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"We have no words left"

by Ali Abunimah via UK Guardian
"I will play music and celebrate what the Israeli air force is doing." Those chilling words were spoken on al-Jazeera on Saturday by Ofer Shmerling, an Israeli civil defence official in the Sderot area adjacent to the Gaza Strip. For days Israeli planes have bombed Gaza. Almost 300 Palestinians have been killed and a thousand injured, the majority civilians, including women and children. Israel claims most of the dead were Hamas "terrorists". In fact, the targets were police stations in dense residential areas, and the dead included many police officers and other civilians. Under international law, police officers are civilians, and targeting them is no less a war crime than aiming at other civilians.
Palestinians are at a loss to describe this new catastrophe. Is it our 9/11, or is it a taste of the "bigger shoah" Matan Vilnai, the deputy defence minister, threatened in February, after the last round of mass killings?

Israel says it is acting in "retaliation" for rockets fired with increasing intensity ever since a six-month truce expired on 19 December. But the bombs dropped on Gaza are only a variation in Israel's method of killing Palestinians. In recent months they died mostly silent deaths, the elderly and sick especially, deprived of food, cancer treatments and other medicines by an Israeli blockade that targeted 1.5 million people - mostly refugees and children - caged into the Gaza Strip. The orders of Ehud Barak, the Israeli defence minister, to hold back medicine were just as lethal and illegal as those to send in the warplanes.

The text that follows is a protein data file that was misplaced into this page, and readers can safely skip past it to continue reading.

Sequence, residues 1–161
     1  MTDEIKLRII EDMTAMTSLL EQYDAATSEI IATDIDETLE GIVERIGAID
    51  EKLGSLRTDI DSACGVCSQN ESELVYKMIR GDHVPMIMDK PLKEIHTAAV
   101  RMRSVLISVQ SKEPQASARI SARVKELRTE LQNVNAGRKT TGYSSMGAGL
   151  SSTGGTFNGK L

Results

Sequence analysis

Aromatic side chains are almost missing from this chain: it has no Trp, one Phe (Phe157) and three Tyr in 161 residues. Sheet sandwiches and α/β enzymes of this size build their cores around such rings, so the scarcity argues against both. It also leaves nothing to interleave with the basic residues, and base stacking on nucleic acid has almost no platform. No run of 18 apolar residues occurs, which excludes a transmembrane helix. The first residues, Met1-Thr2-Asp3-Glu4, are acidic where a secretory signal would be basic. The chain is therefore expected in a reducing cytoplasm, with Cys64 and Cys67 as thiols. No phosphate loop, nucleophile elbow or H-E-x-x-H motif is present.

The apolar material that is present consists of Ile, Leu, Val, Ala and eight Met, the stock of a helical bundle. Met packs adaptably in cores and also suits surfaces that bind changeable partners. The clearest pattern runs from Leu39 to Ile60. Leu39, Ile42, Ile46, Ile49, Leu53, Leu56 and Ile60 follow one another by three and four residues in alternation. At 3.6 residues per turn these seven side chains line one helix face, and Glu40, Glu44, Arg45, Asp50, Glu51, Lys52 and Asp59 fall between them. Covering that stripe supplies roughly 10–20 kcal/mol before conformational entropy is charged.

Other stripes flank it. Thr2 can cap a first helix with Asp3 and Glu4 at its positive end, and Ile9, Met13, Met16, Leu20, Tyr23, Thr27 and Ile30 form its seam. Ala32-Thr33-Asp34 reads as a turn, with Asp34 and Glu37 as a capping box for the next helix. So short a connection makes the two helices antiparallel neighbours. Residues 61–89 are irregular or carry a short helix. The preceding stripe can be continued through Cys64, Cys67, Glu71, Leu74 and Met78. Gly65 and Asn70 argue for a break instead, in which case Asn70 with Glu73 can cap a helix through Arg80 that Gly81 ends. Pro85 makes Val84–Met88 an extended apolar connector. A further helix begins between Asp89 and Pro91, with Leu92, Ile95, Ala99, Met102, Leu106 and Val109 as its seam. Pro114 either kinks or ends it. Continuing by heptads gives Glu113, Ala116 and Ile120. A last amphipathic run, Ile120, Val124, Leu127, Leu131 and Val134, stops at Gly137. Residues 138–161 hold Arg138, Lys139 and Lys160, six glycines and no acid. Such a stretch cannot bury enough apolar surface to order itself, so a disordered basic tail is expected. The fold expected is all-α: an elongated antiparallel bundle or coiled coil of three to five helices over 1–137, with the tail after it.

Ehud Olmert, Israel's prime minister, pleaded that Israel wanted "quiet" - a continuation of the truce - while Hamas chose "terror", forcing him to act. But what is Israel's idea of a truce? It is very simple: Palestinians have the right to remain silent while Israel starves them, kills them and continues to violently colonise their land.

As John Ging, the head of operations for the United Nations Relief and Works Agency for Palestine Refugees, said in November: "The people of Gaza did not benefit; they did not have any restoration of a dignified existence ... at the UN, our supplies were also restricted during the period of the ceasefire, to the point where we were left in a very vulnerable and precarious position and with a few days of closure we ran out of food."

by Electronic Intifada (reposted)

Almost eight years ago, George W. Bush entered office in the early months of the second Palestinian intifada. Rather than resuming the negotiations facilitated by the Clinton Administration, he chose instead to "pull out" and allow Ariel Sharon, who was favored to win the upcoming Israeli elections, a free hand to end the intifada. According to former US Treasury Secretary Paul O'Neill, Bush asserted that "sometimes a show of strength by one side can really clarify things." [1] President Bush now leaves office with historically low approval ratings and an economy in shambles. As a consequence of his foreign policy misadventures, Bush also leaves the Middle East in flames and America's reputation in tatters. Yet, one thing has remained constant for the aloof president: deference to an Israeli "show of strength" rather than diplomacy. Only a year ago, Bush hosted the Annapolis conference that "relaunched" the "peace process" and then predictably stood by as it stalled out. Unable to launch a war against Iran, capture Osama bin Laden, pacify Afghanistan or Iraq, or broker a Palestinian-Israeli peace, rather than ride into the sunset in the waning days of his presidency, Bush is determined to leave in a final blaze of malicious incompetence. As it has been so often over the past eight years, the site of his enmity is Gaza.